Morgan Neville talks about The Music of Strangers
Morgan Neville is an American documentary filmmaker who turned heads with the startling 20 Feet from Stardom, a focus on the life of back-up singers in pop music. He has spent the last year travelling with the Silk Road ensemble, a group of musicians lead by cellist Yo Yo Ma, who tour the world, uniting global musical styles under one roof. We had a chance to talk to him about his new documentary, The Music of Strangers: Yo Yo Ma and the Silk Road Ensemble, which happened as a result.
The film talks about how music is an international language that has the potential to connect us all together. Could you talk a little bit about this idea?
You can intellectually talk about music as an international language and how different tonalities work together. It’s interesting on an intellectual level, but ultimately I realised that the music had all that information in an emotional way. The more you explain it, the less powerful it becomes. You could write a book about the ideas behind music and behind the hybridisation of music, but ultimately that wasn’t the my goal. I’m a musician and I find it fascinating, which is why I kept doing these interviews. But when I got into the editing room I wanted to explore it from a different perspective.
So do you think there is a distinction between you as a musician and a you as a director?
Over the course of my career I have learned that film, like music, is an emotional form of storytelling, and as much as my inner musician can identify with the subjects, I feel like each film is an emotional journey. The film should play like music. It should move from different moods and should flow a certain way. I think more about that over the years of making movies. It can be difficult watching documentaries trying to make intellectual points by bashing you over the head with talking heads. It’s like eating your spinach you know? Its something your supposed to do but ultimately The best way to get an audience to buy into your message is to have them identify
You selected the subjects based on their geographical background, was there any other criteria?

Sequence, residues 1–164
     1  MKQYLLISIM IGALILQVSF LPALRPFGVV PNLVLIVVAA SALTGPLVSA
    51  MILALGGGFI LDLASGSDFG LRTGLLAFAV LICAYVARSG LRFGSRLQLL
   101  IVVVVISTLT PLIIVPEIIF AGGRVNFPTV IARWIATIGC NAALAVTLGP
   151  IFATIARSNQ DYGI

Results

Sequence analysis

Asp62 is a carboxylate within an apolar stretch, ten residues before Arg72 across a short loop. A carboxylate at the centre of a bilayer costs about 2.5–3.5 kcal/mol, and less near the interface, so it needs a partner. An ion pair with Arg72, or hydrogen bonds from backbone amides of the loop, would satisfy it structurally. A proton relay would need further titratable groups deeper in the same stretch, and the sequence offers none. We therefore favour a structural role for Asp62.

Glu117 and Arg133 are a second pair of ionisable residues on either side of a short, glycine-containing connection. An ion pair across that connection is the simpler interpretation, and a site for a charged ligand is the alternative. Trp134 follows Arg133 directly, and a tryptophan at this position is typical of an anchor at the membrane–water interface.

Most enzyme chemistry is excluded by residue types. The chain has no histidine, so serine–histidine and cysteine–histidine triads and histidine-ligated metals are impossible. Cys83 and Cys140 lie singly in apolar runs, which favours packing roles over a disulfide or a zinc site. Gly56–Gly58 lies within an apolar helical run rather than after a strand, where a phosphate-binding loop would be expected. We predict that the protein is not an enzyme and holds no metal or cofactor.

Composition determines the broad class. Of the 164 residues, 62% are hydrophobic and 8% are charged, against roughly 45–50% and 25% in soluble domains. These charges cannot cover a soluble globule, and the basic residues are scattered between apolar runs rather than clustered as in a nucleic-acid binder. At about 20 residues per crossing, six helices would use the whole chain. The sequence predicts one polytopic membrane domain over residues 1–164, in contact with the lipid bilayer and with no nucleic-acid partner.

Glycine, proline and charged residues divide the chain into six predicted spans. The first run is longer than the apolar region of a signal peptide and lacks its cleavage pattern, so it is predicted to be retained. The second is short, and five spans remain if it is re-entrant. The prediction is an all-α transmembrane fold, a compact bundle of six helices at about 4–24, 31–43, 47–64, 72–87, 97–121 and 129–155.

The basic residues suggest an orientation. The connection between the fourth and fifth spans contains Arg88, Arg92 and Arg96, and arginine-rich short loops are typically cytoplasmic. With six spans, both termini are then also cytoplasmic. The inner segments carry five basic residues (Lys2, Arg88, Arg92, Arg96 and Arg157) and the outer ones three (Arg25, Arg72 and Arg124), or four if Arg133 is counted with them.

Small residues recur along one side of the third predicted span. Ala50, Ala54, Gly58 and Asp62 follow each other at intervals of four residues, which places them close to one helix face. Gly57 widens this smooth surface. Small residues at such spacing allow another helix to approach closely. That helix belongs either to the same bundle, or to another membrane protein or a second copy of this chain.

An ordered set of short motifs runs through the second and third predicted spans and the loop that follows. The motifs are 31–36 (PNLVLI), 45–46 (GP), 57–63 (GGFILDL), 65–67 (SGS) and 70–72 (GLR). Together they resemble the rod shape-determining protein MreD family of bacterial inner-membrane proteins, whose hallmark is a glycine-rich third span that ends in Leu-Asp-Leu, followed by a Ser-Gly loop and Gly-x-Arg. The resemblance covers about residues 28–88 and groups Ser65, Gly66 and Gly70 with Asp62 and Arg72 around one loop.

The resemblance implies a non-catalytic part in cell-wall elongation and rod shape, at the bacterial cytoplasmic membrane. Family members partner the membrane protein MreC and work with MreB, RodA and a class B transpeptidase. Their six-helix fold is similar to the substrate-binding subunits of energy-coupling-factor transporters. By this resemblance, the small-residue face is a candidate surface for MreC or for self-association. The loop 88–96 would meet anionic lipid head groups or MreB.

I thought about that with each of the subjects – one to represent geographic diversity and one for gender – but in the end they all had such diverse backgrounds and experiences. To me, especially coming from the US, the idea of culture is nice but frivolous. When we cut education programmes, the arts are always the first to go. But when you really look at what the arts do… It teaches motivation, collaboration, creativity – things that are essential to having a healthy life. You look at musicians who come from countries that value the arts and the power of culture – look at the cultural revolution in Russia and China. For me, reminding people of the power of culture was paramount, and it’s hard because culture is soft and hard to measure. It’s not like politics or economics, which is why its had to sell.
You say in the film that Yo Yo Ma is on a constant mission. Every time he steps off the plane he begins his work, not only as a musician but as someone who has something to say. Can you talk a little bit about that?
I don’t have the energy that Yo Yo has. At the end of every day he was the last person there, you would have to drag him out. I remember leaving the hotel every night and having to pull him away from some deep conversation with the bellboy and drag him onto the bus, and for him that is the true joy of his mission. I wish I had his energy and willingness to spread that good will. Hes been living on the road for 40 years, doing records and tours with a variety of different artists from different parts of the world and getting flak from people in the classical community for doing that.
Can you talk a little about this divide between classical music and pop culture? The two seem to be worlds apart.
There are so many similarities and differences. The music industry is one of the most passionate businesses there is and no one is pursuing a career in it without being extremely passionate about music. That’s the saving grace. Part of the reason I did this documentary was to learn about this new world of music, the classical world, which is the most repressed part of the musical world. It’s very difficult for people to open up emotionally and I think that’s part of the reason why Yo Yo stands out in that world. There’s a formality to the classical world that doesn’t allow that kind of emotion.
You began your working life as a political journalist. What caused the transition into documentary filmmaking?
I don’t miss political journalism, not because I’m not interested in politics but it felt like so much in America is partisan. The right wing media and the left just preach to the converted. I used to work for the latter and I agreed with a lot of what they were saying but didn’t feel like we were changing a lot of minds, and so I got very frustrated when I was young doing that. I also had a great love of culture and I keep coming back to the same question: how do we bridge cultures and political divides? If we look at Johnny Cash and his image in the US – how do you get a figure like that who can be revered by punks, Christians, Republicans, everyone? How do we find the overlap where we can all agree? So in a way I feel like I’m still doing political work.
The Music of Strangers does not have a UK release date yet.
Read more of our reviews and interviews from the festival here.
For further information about Berlin Film Festival 2016 visit here.
Watch the trailer for The Music of Strangers: Yo Yo Ma and the Silk Road Ensemble here: